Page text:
This was followed in subsequent decisions but not by the Privy Council in Attorney General for Hong Kong v Reid  UKPC 2 which took the view that, consistent with the principle that a fiduciary must not be allowed to benefit from his own breach of duty, a bribe was held on trust. However, in the recent decision of Sinclair the Court of Appeal once again followed Heiron and Lister.
Policy and practical arguments
Having concluded that it was impossible to determine the extent of the Rule based solely on previous authorities, the court turned to arguments of principle and practicality. Clarity and simplicity, the court said, are highly desirable qualities in the law and FHR's formulation of the Rule had that advantage and also aligned the circumstances in which an agent had to account for the benefit and those in which the principal could claim the beneficial ownership of it. The suggestion that the Rule should not apply to a bribe or secret commission because the principal could not have received it, seemed "unattractive" and would have the result that the principal of an agent who received a bribe would be worse off than the principal of an agent who received a benefit in breach of his fiduciary duties in far less opprobrious circumstances.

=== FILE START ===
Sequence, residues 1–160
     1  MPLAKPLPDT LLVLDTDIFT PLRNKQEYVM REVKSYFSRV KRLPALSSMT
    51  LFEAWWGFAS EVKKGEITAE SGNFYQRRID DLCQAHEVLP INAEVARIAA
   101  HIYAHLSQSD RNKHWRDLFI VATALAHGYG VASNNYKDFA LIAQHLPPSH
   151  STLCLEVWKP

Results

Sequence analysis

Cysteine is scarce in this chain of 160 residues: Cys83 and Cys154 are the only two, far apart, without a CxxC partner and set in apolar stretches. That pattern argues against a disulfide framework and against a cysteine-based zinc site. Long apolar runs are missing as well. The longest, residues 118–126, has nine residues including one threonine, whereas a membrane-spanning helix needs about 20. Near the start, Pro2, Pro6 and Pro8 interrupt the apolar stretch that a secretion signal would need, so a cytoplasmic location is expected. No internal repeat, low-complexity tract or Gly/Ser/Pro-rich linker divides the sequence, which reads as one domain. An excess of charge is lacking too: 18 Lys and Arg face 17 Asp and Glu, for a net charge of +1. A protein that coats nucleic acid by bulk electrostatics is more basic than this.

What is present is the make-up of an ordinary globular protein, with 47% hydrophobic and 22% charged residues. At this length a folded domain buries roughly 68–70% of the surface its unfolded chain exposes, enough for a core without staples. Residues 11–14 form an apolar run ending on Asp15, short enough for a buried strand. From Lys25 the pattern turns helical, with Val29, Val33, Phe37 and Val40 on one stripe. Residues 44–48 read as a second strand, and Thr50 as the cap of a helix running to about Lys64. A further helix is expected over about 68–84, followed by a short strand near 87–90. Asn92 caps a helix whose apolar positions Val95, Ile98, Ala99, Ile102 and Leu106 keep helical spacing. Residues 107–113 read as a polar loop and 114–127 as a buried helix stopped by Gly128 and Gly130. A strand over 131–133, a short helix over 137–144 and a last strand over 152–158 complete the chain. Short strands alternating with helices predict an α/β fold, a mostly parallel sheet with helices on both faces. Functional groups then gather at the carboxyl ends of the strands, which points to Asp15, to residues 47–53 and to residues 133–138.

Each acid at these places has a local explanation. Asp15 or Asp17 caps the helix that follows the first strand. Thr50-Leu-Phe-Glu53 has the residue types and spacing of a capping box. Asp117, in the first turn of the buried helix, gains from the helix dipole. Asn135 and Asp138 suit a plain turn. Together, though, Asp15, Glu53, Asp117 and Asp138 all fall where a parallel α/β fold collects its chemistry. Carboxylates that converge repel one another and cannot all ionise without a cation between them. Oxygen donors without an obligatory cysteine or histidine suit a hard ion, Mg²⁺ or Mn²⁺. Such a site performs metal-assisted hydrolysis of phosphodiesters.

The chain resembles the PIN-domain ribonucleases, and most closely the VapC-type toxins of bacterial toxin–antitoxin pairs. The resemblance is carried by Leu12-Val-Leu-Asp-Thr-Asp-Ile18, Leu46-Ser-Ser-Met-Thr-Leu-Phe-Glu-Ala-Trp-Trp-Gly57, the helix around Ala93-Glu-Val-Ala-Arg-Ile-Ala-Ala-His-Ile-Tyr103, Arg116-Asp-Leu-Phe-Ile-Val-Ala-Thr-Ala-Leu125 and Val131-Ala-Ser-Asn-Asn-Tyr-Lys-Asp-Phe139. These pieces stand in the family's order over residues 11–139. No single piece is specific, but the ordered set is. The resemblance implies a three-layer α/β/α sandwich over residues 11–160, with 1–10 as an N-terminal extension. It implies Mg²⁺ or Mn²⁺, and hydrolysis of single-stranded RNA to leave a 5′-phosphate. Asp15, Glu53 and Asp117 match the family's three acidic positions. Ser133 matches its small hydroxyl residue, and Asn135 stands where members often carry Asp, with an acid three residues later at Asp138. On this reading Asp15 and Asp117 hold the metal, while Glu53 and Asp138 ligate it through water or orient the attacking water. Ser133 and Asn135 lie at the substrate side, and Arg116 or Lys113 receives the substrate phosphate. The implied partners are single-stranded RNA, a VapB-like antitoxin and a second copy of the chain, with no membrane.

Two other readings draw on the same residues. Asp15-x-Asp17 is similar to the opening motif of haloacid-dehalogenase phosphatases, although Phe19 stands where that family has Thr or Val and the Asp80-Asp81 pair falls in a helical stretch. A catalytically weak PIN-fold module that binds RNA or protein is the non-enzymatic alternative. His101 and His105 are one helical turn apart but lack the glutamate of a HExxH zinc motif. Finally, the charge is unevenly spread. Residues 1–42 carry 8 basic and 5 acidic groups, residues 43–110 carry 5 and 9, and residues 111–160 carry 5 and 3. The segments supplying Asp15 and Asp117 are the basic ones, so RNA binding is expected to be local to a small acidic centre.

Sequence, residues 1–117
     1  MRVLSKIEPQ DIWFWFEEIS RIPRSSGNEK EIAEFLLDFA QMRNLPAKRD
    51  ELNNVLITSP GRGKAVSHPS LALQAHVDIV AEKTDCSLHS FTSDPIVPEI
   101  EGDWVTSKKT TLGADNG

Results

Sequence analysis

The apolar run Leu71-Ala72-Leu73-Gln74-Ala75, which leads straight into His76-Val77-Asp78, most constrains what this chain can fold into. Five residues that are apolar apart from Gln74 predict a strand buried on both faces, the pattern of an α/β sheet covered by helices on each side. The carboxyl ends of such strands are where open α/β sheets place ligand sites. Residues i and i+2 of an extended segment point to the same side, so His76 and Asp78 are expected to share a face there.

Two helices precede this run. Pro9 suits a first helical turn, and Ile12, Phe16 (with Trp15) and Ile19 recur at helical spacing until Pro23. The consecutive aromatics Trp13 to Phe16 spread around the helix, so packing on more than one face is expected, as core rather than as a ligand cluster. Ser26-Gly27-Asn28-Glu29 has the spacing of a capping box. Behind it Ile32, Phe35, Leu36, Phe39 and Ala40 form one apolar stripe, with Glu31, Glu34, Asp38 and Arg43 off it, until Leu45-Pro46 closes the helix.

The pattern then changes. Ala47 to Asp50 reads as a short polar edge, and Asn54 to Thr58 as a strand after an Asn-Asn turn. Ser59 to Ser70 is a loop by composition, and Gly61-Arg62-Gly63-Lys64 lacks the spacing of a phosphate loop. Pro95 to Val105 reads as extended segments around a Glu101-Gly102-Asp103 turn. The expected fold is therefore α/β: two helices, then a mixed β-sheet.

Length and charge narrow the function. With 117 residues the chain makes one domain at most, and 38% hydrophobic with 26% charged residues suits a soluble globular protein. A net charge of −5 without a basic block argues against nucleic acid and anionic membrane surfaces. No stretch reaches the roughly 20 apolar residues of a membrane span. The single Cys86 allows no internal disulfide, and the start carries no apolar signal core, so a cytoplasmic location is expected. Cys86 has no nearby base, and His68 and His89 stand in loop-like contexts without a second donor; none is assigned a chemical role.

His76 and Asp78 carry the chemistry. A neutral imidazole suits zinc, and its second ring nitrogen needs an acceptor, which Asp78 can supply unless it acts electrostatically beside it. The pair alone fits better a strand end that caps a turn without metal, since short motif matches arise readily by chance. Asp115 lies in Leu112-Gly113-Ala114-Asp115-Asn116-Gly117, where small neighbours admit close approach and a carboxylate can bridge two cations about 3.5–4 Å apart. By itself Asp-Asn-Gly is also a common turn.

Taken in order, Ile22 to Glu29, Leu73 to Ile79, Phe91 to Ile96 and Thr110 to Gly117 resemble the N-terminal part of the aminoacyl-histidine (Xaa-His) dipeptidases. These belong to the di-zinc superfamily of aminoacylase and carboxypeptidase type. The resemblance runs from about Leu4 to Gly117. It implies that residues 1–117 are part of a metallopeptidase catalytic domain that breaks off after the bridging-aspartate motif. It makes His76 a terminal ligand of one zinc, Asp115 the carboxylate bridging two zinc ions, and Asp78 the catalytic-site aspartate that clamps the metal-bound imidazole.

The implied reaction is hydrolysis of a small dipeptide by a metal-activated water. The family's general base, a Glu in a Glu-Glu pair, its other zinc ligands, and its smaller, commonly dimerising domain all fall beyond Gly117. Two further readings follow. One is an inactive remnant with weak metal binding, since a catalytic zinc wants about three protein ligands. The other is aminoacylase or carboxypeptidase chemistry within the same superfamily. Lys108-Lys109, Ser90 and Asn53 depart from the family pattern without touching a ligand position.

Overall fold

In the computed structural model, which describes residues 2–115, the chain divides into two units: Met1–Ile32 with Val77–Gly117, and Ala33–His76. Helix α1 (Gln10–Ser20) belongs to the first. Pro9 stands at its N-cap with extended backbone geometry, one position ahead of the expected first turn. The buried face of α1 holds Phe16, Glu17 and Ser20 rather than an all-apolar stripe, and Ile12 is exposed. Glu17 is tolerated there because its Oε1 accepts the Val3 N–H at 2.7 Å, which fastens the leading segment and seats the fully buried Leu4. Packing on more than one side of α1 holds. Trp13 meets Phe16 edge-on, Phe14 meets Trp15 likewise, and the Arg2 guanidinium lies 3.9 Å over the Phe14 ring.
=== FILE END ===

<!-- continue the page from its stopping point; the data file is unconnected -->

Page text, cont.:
From a policy perspective, the court felt that bribery and secret commissions are objectionable and undermine trust in the commercial world and the law should be particularly stringent in dealing with them. The suggestion that a wide application of the Rule would prejudice the unsecured creditors of an insolvent agent was rebutted on the ground that a bribe or secret commission is property which should not have formed part of the agent's estate in the first place.
Taking the view that the law "took a wrong turn in Heiron and Lister", the Supreme Court unanimously dismissed Cedar's appeal, holding that FHR had a proprietary claim to the EUR 10 million commission.